On Hong Kong’s ILS progress, Lee said that it remains on the Hong Kong government roadmap.

“The development of insurance-linked securities is also a Roadmap goal and I’m pleased to note that, since 2021, we have welcomed four issuances of catastrophe bonds, totalling 560 million US Dollars.

“One of them became the first insurance-linked security to be listed on the Hong Kong Stock Exchange,” Lee said.

Lee summed up his speech by saying, “In a world beset with uncertainty and instability, insurance has grown ever more important, providing much-needed security and peace of mind for us all.

“I am confident that the insurance industry will continue to create opportunity for our financial services sector, for the Hong Kong economy and for the community at large.”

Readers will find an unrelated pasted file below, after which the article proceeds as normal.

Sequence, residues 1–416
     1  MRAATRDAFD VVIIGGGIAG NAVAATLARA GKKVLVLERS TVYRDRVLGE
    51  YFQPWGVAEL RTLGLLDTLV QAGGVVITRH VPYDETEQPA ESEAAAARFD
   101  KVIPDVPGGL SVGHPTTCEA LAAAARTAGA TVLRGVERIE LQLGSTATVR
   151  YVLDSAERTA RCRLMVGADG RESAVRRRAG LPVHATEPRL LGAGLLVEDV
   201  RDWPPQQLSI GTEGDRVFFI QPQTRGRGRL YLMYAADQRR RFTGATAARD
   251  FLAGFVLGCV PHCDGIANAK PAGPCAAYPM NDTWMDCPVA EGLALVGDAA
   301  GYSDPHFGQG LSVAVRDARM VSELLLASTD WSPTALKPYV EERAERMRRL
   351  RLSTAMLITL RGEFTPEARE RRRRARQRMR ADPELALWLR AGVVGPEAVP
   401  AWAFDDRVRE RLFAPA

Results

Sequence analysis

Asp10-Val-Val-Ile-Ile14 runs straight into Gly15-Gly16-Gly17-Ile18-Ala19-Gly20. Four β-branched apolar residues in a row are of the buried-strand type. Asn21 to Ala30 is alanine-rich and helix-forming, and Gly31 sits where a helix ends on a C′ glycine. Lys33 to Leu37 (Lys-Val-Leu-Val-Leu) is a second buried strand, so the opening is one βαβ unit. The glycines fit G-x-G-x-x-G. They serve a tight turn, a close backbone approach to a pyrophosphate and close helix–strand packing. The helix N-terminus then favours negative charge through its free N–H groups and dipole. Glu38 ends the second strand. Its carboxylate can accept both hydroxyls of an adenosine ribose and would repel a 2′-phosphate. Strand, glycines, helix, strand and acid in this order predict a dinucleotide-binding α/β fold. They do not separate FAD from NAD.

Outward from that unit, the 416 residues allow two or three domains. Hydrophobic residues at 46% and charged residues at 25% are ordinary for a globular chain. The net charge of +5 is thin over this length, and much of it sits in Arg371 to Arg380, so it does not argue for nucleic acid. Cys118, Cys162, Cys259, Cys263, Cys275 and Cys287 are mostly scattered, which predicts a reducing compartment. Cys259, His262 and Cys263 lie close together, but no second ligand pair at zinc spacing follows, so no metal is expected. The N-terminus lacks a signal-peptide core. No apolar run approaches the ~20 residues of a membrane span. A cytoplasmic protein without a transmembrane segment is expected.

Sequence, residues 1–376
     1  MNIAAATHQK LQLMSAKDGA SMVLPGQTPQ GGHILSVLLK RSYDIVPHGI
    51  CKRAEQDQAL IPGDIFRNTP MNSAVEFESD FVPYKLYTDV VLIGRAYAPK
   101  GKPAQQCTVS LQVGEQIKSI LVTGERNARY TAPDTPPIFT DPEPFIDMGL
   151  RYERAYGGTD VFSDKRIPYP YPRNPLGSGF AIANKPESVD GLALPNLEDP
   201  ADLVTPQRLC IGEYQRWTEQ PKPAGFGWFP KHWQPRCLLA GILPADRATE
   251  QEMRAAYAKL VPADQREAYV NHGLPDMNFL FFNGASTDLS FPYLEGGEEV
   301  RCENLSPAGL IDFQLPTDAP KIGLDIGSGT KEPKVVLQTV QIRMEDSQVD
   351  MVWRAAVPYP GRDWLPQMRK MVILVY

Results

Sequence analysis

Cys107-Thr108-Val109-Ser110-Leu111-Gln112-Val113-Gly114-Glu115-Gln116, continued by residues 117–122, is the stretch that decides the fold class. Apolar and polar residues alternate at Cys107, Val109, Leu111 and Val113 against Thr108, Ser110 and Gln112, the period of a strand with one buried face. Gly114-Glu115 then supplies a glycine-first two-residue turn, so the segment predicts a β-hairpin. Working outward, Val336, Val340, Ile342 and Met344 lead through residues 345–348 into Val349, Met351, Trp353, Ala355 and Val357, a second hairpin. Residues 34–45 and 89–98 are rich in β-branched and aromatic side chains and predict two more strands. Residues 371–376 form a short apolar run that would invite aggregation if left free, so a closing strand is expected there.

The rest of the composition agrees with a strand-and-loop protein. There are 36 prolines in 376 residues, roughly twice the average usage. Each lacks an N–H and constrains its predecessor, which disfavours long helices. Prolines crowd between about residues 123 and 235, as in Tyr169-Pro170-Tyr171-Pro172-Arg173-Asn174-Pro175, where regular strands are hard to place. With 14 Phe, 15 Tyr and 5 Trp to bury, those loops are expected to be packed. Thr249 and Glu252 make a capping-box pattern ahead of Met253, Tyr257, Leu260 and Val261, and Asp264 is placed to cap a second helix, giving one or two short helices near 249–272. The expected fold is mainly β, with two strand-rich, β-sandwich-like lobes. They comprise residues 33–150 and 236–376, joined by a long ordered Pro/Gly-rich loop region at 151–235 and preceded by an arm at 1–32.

Paul Chan, the government of Hong Kong’s Financial Secretary, also spoke at the event last week.

Chan said that “it is through consistently developing and enhancing our financial markets that we can strengthen our resilience,” adding that, “we know that in the highly competitive world of finance, we must not stop improving ourselves so that we will be able to stay ahead of our competition.”

Chan noted that Hong Kong’s insurance industry has experienced a strong rebound this year, with premiums rising and demand increasing, while at the same time he recognised the significant opportunity for Hong Kong’s insurance industry on the Mainland in China, in particular the Greater Bay Area (GBA).